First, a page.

Originally published: July 24, 2012
Last updated: July 24, 2012 - 10:30pm
Continued strength in sales of the iPhone and other smartphones and growth in mobile data revenue were key factors in AT&T’s better-than-expected earnings.
More than three-quarters of new customers are choosing a smartphone, with 3.7 million iPhones added to its network during the quarter. AT&T is also seeing higher profit margins and lower customer defections. The company saw a benefit on the profits side from a stricter policy on when customers can upgrade. AT&T activated 5.1 million smartphones in its latest quarter, down from 5.5 million in the same period a year ago. Much of the decline came because AT&T subscribers are holding on to their phones longer: the company said the rate of upgrades to new phones was at a record low. That's good news for the company because the company subsidizes each smartphone by hundreds of dollars to be able to sell it to customers for $99 or $199. IPhones, in particular, are expensive to sell, because Apple charges an average of around $650 for each one. More than half of the new subscribers were tablet users, who pay less than smartphone users. Also, AT&T continues to lag Verizon Wireless, which already has more subscribers. Last week, Verizon reported adding 888,000 subscribers to its rolls in the quarter. Revenue edged up 0.3 percent to $31.6 billion. Analysts were expecting $31.7 billion. If it weren't for the sale of its phone-books business in May, revenue would have risen 2 percent.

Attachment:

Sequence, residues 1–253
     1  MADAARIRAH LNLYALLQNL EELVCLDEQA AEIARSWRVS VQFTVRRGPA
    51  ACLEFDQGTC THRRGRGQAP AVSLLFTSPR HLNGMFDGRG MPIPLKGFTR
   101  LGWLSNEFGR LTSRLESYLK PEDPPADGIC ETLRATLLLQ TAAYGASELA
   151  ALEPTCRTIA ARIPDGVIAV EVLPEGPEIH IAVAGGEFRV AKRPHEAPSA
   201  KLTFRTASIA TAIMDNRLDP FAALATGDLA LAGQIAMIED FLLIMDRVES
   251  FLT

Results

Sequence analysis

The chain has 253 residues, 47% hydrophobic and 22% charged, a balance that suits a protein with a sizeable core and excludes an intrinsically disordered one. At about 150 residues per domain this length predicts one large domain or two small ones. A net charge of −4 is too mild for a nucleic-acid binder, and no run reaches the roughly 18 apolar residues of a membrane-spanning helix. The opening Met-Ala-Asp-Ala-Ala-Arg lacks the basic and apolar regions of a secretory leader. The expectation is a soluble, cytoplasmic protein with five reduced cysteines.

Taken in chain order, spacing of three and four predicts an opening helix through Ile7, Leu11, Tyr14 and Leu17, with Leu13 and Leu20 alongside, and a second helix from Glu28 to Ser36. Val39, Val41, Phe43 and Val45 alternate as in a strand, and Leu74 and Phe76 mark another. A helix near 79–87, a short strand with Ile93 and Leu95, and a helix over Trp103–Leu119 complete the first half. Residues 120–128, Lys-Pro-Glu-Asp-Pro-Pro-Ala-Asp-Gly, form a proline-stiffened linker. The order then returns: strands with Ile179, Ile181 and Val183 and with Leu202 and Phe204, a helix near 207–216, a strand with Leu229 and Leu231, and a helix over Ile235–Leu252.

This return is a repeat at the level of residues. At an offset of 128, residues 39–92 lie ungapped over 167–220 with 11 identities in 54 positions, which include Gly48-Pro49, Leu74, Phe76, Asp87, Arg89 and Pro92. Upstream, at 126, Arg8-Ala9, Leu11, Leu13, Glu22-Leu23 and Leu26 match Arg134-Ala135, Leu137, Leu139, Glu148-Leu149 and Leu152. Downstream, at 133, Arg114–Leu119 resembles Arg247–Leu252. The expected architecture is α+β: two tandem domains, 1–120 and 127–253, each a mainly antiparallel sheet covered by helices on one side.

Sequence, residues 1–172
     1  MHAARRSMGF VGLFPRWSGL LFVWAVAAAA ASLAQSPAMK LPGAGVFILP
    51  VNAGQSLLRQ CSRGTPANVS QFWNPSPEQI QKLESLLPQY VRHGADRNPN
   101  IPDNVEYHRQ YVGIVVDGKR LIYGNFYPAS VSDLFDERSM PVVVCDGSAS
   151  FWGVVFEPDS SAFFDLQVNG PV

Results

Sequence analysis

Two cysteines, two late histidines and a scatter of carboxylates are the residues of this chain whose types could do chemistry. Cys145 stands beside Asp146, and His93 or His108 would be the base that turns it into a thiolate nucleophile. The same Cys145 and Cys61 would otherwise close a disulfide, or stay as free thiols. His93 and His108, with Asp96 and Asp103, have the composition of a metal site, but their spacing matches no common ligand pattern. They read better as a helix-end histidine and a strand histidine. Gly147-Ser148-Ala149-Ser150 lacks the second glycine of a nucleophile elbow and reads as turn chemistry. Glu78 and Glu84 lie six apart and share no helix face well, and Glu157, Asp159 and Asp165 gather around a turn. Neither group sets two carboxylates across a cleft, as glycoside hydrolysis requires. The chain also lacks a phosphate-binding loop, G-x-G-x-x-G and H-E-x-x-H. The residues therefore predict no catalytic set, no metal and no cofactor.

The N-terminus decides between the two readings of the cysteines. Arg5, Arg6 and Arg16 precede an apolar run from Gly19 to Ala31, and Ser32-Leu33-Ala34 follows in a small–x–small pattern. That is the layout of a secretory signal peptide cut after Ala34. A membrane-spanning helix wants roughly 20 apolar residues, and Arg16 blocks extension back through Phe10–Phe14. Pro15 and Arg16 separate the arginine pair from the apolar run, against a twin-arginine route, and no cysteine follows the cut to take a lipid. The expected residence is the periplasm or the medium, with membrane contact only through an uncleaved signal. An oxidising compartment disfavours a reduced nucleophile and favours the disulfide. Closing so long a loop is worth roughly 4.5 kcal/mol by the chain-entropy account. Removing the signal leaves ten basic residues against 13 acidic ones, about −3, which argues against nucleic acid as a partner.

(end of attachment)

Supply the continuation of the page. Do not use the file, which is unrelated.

AT&T pulled in 155,000 new U-verse TV subscribers in the second quarter of 2012, while the nation's No. 1 telco dropped a whopping 649,000 DSL subscribers in the period for a net loss of 96,000 broadband customers. For the three months ended June 30, AT&T's U-verse revenue grew 38% to $2.3 billion, representing 57% of consumer wireline revenue for the period. Overall, consumer wireline revenue increased far less at 1.7% year over year, to $5.5 billion -- although that was the segment's strongest growth in more than four years, according to the company. Cramping AT&T's wireline growth were its substantial DSL losses, which it blamed partly on "seasonality." The company's U-verse High Speed Internet service had a quarterly net gain of 553,000 subscribers to reach a total of 6.5 million, which wasn't enough to offset losses from DSL. Total wireline broadband connections dropped 0.2% year over year, to 16.43 million. In addition, AT&T lost a net 1 million legacy wireline voice connections in the quarter, to stand at 36.8 million (down 10.8% from 41.3 million last year). AT&T now has 4.15 million U-verse TV subscribers in service, with a 17.3% penetration rate of eligible living units. About three-fourths of TV subscribers have a triple- or quad-play option, with average revenue per subscriber for U-verse triple-play customers about $170, up slightly year over year.
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